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Torah Tuesdays with Hennie Black- Parshat Pinchas



pinchas, the zealot, is rewarded for his brazen act of killing cozbi and zimri while they were engaged in debauchery. indeed, He is rewarded with the priesthood and a “covenant of peace.” 

it is strange that it was an act of violence that resulted in a blessing of peace. it is equally strange that it was through an act of violence that peace was restored to the jewish people. 

what is the connection between violence and peace?

In this week’s Torah portion, G-d rewards Pinchas for his bravery and zealotry for his brazen act of killing Zimri, a Jewish leader, and Cozbi, a Midianite woman, for their public and shameless display of debauchery intended to profane the name of G-d.

At the end of last week’s parsha, we learn that the Jewish people were enticed by the Midianite women to engage in idol worship and licentiousness. As a result, a plague erupted killing 24,000 people. Pinchas decided he must step up and do something about the downfall of the nation. In a moment of zeal, he picked up a spear and pierced both Cozbi and Zimri’s in their stomachs while they were engaged in their act of inappropriate relations. After their deaths, the plague immediately stopped.

Moshe and the people do not immediately react, as they are unsure about Pinchas’s actions. Was he right or wrong in what he did? Was he a hero or a murderer? On the one hand, Pinchas saved countless lives, in that the deaths from the plague ended after his action. On the other hand, did Pinchas have the right to kill someone? Did he know in advance what the outcome would be?  

The Torah informs us that Pinchas reacted appropriately as is evidenced by G-d’s rewarding him with priesthood and the Covenant of Peace. Peace in Hebrew is shalom. If you look inside the Torah, you will see that the word “shalom” (שׁלום) has a broken letter “vav”  as part of the word. Under normal circumstances, any letter that is broken or incomplete would invalidate the entire Torah scroll, and yet the law requires every valid Torah scroll to have a break in the letter “vav” in the word “shalom.“ 

There are many interpretations as to the meaning behind the brokenness of the letter vav. Perhaps it is because peace that comes through violence is not a complete peace; it is a “broken” peace. Or perhaps there is a deeper meaning at play. The word “Shalom” (שׁלום) is similar to another Hebrew word, “Shalem” (שׁלם). This word does not contain the letter “vav” at all. Shalem means complete, perfect or whole. Since the two words “shalom” and “shalem” share the same root letters, there must be a relationship in their meaning. It is not difficult to link these two concepts: the state of being in peace requires being whole. Any peace which lacks a state of wholeness and completeness is not really peace.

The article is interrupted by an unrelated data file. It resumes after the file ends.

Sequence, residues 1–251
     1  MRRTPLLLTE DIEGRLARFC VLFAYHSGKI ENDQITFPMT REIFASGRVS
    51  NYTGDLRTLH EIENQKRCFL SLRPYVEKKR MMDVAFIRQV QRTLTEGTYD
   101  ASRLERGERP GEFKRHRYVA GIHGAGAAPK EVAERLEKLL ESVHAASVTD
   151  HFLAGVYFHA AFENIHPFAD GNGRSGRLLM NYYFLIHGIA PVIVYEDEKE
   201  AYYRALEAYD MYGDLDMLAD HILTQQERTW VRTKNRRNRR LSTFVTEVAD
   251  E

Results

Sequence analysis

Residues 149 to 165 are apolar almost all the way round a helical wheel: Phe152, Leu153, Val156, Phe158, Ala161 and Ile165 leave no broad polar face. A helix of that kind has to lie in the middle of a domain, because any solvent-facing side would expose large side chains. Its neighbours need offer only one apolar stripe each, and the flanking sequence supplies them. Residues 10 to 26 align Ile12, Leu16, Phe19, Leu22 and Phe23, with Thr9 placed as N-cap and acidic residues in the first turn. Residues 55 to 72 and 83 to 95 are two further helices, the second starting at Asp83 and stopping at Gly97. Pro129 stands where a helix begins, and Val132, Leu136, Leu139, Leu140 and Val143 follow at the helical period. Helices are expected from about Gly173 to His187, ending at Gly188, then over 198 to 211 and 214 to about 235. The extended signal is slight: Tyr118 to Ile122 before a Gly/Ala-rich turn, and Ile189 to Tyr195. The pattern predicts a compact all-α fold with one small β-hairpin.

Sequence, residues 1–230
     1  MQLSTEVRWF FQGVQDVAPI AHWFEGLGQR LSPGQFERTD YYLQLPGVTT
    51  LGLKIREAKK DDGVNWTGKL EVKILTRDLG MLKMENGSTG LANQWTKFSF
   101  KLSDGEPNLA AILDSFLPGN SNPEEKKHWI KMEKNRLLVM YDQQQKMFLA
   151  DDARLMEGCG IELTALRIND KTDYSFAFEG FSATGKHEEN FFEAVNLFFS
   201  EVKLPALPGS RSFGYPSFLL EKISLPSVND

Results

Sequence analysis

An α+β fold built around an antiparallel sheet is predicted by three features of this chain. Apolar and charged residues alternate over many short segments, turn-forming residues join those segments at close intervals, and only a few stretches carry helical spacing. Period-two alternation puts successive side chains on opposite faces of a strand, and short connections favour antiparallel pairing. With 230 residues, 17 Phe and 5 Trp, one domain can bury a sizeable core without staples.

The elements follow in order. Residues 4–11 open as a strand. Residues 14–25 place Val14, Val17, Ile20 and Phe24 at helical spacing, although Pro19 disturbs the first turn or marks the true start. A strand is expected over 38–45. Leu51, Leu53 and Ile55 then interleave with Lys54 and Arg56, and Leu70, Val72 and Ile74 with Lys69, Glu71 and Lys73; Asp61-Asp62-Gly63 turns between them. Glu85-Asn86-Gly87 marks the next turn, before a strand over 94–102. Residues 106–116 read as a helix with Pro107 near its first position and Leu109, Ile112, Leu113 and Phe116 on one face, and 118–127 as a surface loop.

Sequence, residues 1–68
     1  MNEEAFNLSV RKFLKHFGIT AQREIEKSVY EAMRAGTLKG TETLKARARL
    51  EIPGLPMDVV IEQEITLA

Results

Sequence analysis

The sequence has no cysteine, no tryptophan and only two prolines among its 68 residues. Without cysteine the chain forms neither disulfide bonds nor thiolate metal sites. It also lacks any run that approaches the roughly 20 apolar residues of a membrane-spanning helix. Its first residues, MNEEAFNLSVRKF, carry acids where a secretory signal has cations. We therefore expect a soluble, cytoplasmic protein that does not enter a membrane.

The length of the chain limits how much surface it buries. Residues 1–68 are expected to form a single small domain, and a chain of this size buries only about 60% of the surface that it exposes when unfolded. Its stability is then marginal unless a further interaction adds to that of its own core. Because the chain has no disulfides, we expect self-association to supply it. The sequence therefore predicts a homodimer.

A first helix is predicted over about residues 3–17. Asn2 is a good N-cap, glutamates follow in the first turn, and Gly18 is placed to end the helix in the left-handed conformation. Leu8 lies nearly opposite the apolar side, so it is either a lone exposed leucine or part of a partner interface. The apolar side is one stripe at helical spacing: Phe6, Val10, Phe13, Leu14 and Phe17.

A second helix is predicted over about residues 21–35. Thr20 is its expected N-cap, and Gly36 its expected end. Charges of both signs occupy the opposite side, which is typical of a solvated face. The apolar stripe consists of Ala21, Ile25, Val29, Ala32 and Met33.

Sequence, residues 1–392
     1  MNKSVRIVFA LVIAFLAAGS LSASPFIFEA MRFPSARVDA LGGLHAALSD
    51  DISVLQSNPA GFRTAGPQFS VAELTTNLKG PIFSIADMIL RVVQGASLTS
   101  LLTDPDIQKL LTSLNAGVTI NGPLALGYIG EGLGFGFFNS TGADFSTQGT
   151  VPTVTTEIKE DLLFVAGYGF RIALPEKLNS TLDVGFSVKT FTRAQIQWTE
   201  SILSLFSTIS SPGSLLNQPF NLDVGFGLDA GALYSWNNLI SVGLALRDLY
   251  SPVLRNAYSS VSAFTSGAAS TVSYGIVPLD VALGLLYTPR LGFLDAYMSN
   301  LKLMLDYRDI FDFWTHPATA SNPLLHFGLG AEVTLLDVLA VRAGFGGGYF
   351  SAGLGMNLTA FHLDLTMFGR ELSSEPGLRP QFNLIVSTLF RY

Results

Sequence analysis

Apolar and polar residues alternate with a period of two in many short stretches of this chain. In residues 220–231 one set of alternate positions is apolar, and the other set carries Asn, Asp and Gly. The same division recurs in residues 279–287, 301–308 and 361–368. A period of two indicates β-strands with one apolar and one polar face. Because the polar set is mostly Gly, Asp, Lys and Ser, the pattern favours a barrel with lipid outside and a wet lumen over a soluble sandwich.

How is achieving a sense of peace, wholeness, and completeness related to the broken “vav”? As the Kotzker Rebbe so beautifully stated, “There is nothing more complete than a broken heart.” Sometimes to make something complete, you need to break it. There are times in our lives when in order to be complete we must be broken.

As Jews, we are asked to feel both complete and broken at the same time: that is, we are asked to feel complete in our gratitude for all the blessings we receive, while broken for all the pain and suffering in the world. Gratitude and compassion living side by side. Peace and brokenness co-existing.

We are now in the period known as “the three weeks” which began this past Sunday, June 27, 2021, or the 17th of Tamuz in the Hebrew calendar. This three-week period ends on July 18, 2021, or the 9th of Av in the Hebrew calendar. These three weeks have been a painful time throughout our history, with much suffering happening to the Jewish people. There have been many attempts at our destruction during this time. It is a time during when the Jewish people feel broken. 

While being broken is difficult and painful, it also allows us to reflect on how to become more complete. In light of the Kotzker’s rebbe’s teaching, it is often during our darkest hour that we are able to appreciate the blessings in life.

We must remember that peace is the ultimate blessing of the Jewish people. That is what we must strive for—in the light and the dark. In the good and the bad. In peace and in brokenness.

Wishing you all a Shabbat shalom filled with light and peace.

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